Nearly a quarter of the $404 billion total is for “indirect costs” –
things such as not showing up to work because of diabetes, diminished
productivity, inability to work due to disability, and lost economic
contributions compared with adults who don’t have diabetes or prediabetes.
And whether you have diabetes or not, you’re paying a price. We all
are. In fact, diabetes cost every American $1,240 in 2017.
Now you’re probably wondering: Will these costs continue to rise?
According to the Diabetes
2030 study, yes – up to $622 billion in a little more than the
next ten years. But fewer new cases of diabetes could contribute to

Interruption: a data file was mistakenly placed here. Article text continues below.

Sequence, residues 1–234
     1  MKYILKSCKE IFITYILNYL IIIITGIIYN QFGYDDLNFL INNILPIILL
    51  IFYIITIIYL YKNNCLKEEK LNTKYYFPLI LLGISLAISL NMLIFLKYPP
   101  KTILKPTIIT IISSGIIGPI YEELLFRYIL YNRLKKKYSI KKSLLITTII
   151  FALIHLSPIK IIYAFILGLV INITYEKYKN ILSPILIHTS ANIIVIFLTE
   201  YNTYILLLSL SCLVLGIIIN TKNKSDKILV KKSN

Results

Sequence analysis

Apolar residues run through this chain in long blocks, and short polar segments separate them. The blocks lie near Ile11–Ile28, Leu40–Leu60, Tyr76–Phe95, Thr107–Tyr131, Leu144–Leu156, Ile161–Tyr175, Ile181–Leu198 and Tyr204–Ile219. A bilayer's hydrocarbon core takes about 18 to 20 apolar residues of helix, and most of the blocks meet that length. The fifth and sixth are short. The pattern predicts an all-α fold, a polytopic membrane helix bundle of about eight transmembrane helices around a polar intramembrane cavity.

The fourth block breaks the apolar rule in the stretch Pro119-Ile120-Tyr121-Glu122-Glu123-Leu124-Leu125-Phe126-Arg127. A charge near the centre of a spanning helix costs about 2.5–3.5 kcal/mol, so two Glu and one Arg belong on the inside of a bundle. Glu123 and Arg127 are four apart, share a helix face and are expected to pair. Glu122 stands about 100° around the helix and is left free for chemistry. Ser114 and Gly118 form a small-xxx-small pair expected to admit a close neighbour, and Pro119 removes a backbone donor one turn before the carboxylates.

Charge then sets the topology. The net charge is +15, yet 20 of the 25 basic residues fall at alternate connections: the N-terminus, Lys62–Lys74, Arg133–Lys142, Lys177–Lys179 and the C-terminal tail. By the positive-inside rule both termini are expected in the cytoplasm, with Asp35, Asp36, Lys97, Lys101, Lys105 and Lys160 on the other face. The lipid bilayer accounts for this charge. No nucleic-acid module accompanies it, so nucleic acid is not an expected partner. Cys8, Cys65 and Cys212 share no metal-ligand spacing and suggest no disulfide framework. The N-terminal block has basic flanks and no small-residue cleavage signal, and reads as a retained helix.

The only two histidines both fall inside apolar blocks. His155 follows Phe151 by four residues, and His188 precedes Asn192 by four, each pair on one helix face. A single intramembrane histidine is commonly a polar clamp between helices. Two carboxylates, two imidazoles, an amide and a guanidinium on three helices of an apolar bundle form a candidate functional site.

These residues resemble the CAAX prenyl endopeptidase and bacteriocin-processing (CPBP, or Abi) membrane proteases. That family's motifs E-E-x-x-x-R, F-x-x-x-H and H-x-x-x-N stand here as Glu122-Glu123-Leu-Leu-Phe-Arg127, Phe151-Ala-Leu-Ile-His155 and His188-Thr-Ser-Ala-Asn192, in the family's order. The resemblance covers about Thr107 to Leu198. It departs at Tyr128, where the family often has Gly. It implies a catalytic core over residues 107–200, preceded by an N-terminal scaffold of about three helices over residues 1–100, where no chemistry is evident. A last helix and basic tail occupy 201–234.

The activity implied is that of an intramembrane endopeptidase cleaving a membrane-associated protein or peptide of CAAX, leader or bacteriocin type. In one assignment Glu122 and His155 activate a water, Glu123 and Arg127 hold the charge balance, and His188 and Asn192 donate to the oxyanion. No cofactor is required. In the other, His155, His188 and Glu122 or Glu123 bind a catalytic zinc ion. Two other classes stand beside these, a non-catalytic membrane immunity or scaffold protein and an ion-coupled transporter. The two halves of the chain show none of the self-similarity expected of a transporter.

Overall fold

reduced costs, as could more and improved efforts to educate people
with diabetes in better self-care.
Like our approach to help people with diabetes better afford their
medicines, collaboration at national, state, and city levels will be
key in lowering the economic burden of diabetes in the U.S. For example: